The water heater market has been changing and developing dramatically over the past few years.  There are various fuel choices and various methods of heating the water now available.  For traditional water heaters, the life span is between 10 and 12 years.  It is a good idea visually inspect the water heater in your home once a year.   When doing a visual inspection you should look at the top of the heater for any corrosion or leakage out of the top or bottom.

If you notice other problems such as your water heater is not heating to full capacity or is producing scalding water and then no hot water at all it is possible we can replace an element or thermostat without replacing the entire water heater.  If you want to install or replace a water heater, there are many different options.  The Joseph Heil Company can recommend, sell, and install the hot water heater(s) that meet your residential or commercial needs.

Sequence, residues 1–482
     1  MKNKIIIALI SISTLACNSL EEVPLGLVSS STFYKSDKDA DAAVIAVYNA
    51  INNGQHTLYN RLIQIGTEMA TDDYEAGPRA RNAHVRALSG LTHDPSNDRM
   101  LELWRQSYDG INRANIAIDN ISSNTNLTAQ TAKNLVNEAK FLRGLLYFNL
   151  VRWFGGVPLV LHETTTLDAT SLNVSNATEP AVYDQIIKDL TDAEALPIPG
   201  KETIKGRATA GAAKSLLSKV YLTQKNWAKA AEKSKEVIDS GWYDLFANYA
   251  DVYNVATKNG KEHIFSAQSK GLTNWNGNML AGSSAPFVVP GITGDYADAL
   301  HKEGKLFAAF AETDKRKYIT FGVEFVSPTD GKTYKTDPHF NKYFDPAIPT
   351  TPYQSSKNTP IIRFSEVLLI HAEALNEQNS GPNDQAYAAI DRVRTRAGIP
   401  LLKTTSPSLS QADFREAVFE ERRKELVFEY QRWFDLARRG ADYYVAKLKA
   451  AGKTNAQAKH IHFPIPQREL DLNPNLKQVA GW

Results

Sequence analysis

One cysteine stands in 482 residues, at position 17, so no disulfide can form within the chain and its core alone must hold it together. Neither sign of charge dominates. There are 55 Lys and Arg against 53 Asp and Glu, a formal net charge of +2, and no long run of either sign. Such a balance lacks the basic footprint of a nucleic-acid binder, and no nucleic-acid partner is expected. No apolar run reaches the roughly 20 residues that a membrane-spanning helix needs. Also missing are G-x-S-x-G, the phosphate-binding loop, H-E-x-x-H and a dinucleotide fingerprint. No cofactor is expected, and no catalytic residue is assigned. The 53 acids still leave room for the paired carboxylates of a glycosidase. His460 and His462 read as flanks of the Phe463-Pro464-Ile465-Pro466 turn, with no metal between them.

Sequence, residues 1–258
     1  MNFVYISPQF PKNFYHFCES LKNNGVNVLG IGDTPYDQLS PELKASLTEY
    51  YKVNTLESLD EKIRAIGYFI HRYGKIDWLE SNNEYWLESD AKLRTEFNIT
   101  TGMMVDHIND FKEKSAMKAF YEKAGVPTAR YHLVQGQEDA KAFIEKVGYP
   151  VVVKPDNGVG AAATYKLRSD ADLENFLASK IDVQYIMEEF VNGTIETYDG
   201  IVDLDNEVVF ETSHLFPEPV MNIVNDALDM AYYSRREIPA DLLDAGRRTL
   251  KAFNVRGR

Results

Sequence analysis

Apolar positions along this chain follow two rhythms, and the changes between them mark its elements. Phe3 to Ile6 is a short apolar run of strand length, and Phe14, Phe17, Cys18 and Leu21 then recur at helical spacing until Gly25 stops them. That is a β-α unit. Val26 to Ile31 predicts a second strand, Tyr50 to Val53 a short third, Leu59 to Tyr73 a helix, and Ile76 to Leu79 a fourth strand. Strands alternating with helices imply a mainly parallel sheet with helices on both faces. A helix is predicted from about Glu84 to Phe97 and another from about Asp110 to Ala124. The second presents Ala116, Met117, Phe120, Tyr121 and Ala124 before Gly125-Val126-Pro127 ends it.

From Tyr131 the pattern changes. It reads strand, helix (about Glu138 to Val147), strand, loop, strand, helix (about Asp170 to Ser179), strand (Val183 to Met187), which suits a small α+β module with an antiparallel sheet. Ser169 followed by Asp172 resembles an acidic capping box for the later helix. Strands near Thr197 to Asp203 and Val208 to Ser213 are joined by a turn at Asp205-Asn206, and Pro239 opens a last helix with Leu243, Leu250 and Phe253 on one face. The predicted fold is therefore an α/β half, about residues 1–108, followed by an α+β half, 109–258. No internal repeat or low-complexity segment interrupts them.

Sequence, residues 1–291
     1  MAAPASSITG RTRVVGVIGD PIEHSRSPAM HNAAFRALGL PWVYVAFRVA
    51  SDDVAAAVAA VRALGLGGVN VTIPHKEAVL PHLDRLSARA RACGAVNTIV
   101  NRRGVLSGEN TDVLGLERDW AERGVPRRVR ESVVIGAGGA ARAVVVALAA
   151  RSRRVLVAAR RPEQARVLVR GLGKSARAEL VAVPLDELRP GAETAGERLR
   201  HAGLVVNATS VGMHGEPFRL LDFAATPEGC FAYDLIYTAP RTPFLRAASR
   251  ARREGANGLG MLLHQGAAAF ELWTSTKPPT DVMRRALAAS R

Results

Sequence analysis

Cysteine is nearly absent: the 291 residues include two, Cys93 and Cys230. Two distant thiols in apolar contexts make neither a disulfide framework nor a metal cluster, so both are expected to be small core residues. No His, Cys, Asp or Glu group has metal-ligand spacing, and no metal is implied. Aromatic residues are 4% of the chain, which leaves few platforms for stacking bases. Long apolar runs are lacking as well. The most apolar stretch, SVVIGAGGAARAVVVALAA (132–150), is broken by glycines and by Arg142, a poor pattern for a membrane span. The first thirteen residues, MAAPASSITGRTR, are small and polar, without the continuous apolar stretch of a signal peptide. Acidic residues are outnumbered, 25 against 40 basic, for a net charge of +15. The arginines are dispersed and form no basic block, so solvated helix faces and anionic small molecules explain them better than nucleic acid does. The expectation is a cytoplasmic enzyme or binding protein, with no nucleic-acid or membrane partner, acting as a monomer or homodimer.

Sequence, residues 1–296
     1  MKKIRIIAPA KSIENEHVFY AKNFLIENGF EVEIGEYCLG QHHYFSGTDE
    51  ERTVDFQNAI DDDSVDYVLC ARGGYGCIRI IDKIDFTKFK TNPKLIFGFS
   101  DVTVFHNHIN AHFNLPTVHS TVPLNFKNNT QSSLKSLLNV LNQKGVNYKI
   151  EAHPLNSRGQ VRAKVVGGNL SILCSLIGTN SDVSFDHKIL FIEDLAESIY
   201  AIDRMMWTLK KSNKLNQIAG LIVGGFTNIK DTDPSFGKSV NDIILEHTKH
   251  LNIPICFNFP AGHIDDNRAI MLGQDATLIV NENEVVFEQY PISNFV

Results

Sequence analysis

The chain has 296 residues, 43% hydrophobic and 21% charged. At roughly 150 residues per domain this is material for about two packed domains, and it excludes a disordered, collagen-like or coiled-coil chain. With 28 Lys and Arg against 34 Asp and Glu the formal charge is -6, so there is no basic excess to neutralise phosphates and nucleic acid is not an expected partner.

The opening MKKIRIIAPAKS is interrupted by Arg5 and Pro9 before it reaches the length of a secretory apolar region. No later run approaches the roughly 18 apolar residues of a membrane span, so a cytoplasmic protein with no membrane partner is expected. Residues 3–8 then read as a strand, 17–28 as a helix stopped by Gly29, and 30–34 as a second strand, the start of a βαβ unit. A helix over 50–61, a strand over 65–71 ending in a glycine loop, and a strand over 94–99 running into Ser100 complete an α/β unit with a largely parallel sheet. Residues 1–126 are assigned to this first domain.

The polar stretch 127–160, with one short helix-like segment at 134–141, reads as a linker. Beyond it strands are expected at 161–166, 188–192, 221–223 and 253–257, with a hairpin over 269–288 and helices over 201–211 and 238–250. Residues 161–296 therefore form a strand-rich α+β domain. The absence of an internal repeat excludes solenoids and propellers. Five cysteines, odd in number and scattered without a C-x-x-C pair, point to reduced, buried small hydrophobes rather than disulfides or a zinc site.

• Tank Water Heaters – Tank type water heaters have been the industry standard for decades in the U.S. and most of the time are still a homeowner’s best choice.  They keep a tank of water heated and dispense the hot water to showers, sinks, etc. when necessary.
    • Gas Water Heaters – Gas water heaters burn natural gas, propane, or oil.  Where natural gas is readily available, it is usually the cheapest and easiest solution.  There are several types of water heaters that burn gas.
      • Atmospheric Heaters – Atmospheric heaters are the oldest and simplest models.  They burn fuel to heat water and let the exhaust rise out a chimney (usually through metal pipes).